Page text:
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Progression in the Language for Learning

This week’s guest blog comes from Chris Taylor, headteacher at Patcham Infant School near Brighton.

“It is inarguable that quantitative data represents an essential aspect of assessing a child’s development; it hopefully measures positive progress which is then often represented in numbers, letters, words or acronyms. However, measuring qualitative information, in my mind, enables us to paint a more useful picture and develop a deeper understanding of the child, which then provides a narrative to support discussions around the raw scores that children can often be labelled with.

So, how can you measure the progress of children’s language for learning? Since the introduction of Building Learning Power, now into its third year, I have carried out a language for learning monitoring exercise. It is an ongoing longitudinal study that is scheduled three times a year, with three children per class (including nursery), who are asked the same three questions every time.

Question 1 – What makes a good learner a good learner?

Question 2 – What happens when you get stuck in your learning?

Question 3 – When you want to get better in your learning or have a question you want to answer, what do you do?

It is one of the most enjoyable days in school for me, dedicating the whole day to talk individually to the study group. It offers such insight into their understanding of learning, identifies gaps that need addressing, makes me chuckle and often blows my mind with the levels of sophistication such young children are capable of.

Elliot joined our Nursery last September and has, twice, been asked the question ‘What do you do when you get stuck in your learning?’ In November his delightful response was “My mummy helps me; she gives me a kiss when I fall over”. Within 3 months he is telling me “I stick at it.” This response was corroborated by his teacher who often observes Elliot absorbed within the learning environment.

Finley, a Reception child, has moved from “I get Incy when I am stuck” to drilling down and being able to explain about the specific tools he could use to help, for example “I use Incy’s sticky ball which means I stick at it. I might get the ball to help me stick at my writing.”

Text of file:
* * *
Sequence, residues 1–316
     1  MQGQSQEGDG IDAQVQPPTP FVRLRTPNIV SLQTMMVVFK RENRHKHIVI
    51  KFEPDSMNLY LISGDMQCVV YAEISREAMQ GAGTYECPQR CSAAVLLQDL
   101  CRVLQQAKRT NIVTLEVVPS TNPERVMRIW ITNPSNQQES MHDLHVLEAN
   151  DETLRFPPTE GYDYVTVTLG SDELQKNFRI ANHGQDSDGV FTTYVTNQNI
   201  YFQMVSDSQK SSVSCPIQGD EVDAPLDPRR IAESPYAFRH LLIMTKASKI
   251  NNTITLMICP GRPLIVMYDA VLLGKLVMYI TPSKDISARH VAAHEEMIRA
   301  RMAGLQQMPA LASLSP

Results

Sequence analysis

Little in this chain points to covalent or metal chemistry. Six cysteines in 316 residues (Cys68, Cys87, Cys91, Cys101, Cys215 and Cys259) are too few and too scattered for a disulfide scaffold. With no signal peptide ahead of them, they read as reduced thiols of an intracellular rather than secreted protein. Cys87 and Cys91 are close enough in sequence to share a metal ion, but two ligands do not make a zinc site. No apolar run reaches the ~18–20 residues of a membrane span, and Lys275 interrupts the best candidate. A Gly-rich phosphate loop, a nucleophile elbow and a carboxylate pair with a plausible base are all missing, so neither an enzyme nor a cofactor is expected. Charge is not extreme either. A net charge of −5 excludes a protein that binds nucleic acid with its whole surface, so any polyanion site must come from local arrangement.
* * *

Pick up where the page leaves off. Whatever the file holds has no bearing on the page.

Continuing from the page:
In February 2016 when in Reception, Nina was first asked ‘What makes a good learner?’ Nina’s reply was to “sit down on the carpet nicely”. Last month when posed with the same question Nina articulately informed me the she “reads through her writing to check it so I know what is right and if I have got anything wrong”. She went on to say that “Good learners collaborate, stick at it, listen and take turns.”

The depth of understanding and use of language continues to astonish me when interviewing our oldest children – some of whom are not yet seven years old. Jessica tells me that she is a good learner because “I persevere and don’t give up! When I am stuck I keep on trying and keep on learning until I think it is my best, I stick at it and check my work”. Jessica goes on to inform me that “I capitalise and use everything around me to help me learn”.

Jessica is not alone in this level of sophistication; her peers describe similar ideas such as “Using what is around me to help me learn, like trying the internet and going on the computer and looking in an information book to ask a question and dig deeper” and “ I need to reason like doing something really hard and solving problems”. What really impresses me about children’s responses is they have moved away from being over reliant on the adults around them as they are taking more ownership of their own learning and development.

So children can talk the talk – what is the impact?

As a result of changing the culture to one that shifts the responsibilities from teacher to child where teachers focus on:

  • the learning environment being used constructively to promote positive learning behaviours and reinforce positive messages about the nature of learning;
  • classroom cultures promoting speculative approaches, challenging learning, the growth of learning mindsets, collaborative activity and positive messages about learning;

we are noticing that young children are not only developing a language for learning but putting it into action.

In writing this piece and having reflected on the process I have asked myself what the outcomes would be if I interviewed children in groups. Might it extend their thinking? Would it further develop them as social learners? Could it enable them to delve deeper and ask questions of themselves and others? Might it even distil and revise their ideas?”

We are holding a learning showcase day at Patcham in conjunction with Chris and his team on Thursday 29th June. Come and join us to find out how to grow great learners in your school!

Click here for more details and to book you place.

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